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date: 14 April 2021


  • John Harper,
  • Peter Le Huray,
  • Ralph T. Daniel
  •  and John Ogasapian


A choral setting of a religious or moral text in English, generally designed for liturgical performance. See also National anthems .

John Harper

In the Middle Ages the term derived from and was synonymous with Antiphon . After the Reformation the term denotes a polyphonic setting of a sacred English text, normally sung by the choir after the collects at Matins and Evensong; the text is freely chosen, most often from the Bible (especially the psalms) or from the Book of Common Prayer. The connection between Latin antiphon sung within the Office and English anthem sung as an appendage to Matins or Evensong is found in the Commemoration, Memoiral or Suffrage in which the antiphon was the most important musical element. In the medieval liturgy a Commemoration, Memorial or Suffrage was often appended to the main Office (e.g. Lauds or Vespers); this observance normally consisted of Benedictus or Magnificat antiphon, versicle and response, and collect – effectively a truncated Office commemorating an intention additional to the main Office (e.g. the saints, the dead, or a saint remembered on that day but not taking precedence in the main Office; see ...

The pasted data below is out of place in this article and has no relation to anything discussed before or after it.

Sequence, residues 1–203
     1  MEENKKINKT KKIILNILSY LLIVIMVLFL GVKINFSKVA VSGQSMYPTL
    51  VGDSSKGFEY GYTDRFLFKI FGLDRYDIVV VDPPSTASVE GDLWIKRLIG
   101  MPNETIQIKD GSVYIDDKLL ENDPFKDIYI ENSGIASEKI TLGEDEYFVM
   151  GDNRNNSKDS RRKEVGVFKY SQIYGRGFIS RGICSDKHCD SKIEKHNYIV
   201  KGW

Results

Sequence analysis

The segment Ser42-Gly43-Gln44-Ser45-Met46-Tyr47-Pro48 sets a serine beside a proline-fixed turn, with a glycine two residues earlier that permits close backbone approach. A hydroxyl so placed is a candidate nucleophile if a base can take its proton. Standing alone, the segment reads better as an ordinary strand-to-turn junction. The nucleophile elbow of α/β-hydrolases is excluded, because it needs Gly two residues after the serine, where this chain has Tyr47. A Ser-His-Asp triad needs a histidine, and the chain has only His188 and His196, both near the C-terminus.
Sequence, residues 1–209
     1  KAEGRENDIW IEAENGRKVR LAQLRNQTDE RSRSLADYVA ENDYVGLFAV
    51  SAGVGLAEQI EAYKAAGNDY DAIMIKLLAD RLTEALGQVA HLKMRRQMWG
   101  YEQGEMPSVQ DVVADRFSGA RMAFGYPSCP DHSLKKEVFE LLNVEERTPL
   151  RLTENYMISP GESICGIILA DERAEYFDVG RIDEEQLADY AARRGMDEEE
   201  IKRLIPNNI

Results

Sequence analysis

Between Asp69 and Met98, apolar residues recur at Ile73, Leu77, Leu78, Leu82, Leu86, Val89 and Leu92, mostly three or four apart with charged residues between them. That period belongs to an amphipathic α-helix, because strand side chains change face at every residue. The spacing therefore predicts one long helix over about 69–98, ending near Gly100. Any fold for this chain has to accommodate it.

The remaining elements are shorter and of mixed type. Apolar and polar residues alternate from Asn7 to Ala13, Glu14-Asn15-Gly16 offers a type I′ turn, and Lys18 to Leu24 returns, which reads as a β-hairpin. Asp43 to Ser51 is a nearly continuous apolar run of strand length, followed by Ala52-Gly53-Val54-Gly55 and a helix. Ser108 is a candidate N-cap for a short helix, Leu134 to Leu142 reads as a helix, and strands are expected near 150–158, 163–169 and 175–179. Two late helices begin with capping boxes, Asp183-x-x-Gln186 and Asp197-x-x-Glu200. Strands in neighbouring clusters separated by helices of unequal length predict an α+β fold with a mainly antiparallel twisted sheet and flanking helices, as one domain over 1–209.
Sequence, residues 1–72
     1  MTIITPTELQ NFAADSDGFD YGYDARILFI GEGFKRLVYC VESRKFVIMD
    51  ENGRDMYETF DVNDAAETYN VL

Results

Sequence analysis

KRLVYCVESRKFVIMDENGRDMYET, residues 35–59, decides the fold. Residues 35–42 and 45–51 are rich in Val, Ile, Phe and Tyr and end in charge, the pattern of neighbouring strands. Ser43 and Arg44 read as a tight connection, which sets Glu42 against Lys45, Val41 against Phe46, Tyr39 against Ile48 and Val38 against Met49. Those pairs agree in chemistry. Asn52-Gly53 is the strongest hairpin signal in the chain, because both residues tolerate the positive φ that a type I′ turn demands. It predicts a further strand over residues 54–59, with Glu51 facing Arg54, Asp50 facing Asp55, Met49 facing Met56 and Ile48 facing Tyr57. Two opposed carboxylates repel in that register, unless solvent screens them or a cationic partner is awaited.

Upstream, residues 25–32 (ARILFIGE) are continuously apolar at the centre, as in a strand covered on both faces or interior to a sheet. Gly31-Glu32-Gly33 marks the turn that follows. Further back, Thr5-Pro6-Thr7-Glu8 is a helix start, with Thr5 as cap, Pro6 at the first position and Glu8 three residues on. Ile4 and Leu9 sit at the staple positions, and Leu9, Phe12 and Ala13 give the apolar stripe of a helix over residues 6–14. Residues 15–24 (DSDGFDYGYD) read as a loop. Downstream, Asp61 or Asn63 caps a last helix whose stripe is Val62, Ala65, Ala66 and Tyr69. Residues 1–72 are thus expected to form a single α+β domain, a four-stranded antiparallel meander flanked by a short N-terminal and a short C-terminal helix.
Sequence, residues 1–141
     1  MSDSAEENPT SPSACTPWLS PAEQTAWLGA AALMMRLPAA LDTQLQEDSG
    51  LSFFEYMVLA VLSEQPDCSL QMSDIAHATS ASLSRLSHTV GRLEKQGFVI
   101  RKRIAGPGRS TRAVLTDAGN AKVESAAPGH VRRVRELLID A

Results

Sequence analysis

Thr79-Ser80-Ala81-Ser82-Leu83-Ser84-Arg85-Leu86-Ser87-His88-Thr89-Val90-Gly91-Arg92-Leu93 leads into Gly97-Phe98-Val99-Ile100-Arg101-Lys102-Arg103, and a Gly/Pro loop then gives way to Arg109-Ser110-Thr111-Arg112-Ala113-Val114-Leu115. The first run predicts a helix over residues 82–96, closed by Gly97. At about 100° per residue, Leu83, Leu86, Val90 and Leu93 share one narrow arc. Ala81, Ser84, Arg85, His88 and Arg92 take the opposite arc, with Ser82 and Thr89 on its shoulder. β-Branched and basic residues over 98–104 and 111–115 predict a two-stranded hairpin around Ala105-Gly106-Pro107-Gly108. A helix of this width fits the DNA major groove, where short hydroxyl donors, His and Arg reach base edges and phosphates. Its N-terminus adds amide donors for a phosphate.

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P. Le Huray: Music and the Reformation in England, 1549-1660 (London, 1967, 2/1978)
Proceedings of the Royal Musical Association
Oxford, Bodleian Library
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London, British Library
Music & Letters